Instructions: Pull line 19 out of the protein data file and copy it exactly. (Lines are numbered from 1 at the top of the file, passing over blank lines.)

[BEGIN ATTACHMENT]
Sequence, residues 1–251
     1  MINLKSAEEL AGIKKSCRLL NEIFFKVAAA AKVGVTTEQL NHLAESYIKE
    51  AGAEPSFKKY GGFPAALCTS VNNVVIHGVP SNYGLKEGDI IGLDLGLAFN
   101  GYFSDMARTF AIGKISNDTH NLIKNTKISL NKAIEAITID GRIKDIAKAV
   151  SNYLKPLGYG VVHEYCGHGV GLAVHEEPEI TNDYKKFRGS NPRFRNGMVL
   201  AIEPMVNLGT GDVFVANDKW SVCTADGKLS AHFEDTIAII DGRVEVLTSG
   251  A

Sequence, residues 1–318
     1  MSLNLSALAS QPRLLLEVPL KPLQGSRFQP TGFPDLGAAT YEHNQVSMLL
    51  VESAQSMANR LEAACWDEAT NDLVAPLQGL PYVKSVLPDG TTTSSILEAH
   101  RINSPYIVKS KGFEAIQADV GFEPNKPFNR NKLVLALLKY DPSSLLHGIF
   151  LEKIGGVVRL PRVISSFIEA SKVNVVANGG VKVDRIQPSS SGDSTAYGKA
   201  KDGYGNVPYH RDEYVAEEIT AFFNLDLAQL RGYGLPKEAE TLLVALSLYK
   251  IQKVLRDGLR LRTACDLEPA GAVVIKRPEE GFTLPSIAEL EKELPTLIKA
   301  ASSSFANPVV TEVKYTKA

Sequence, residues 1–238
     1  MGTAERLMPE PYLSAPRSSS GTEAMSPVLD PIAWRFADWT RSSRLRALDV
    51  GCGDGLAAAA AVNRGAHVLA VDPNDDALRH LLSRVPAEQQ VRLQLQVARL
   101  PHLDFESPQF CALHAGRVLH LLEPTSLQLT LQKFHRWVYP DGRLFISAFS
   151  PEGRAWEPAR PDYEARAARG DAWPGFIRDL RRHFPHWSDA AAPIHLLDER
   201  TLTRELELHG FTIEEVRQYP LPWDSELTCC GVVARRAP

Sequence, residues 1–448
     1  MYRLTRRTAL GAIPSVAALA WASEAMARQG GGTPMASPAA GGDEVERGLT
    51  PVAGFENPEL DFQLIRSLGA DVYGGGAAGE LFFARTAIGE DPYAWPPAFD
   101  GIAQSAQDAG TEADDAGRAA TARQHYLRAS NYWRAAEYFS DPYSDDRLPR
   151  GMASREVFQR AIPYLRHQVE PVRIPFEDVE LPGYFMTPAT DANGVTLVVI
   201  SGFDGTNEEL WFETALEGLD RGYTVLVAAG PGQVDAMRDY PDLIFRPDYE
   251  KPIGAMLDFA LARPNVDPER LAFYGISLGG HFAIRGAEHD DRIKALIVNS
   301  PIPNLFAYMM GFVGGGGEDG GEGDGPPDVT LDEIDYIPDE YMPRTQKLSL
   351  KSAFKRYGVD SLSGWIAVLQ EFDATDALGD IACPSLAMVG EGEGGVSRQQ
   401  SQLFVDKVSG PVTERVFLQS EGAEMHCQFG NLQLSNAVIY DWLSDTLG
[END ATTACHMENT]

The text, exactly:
   101  PHLDFESPQF CALHAGRVLH LLEPTSLQLT LQKFHRWVYP DGRLFISAFS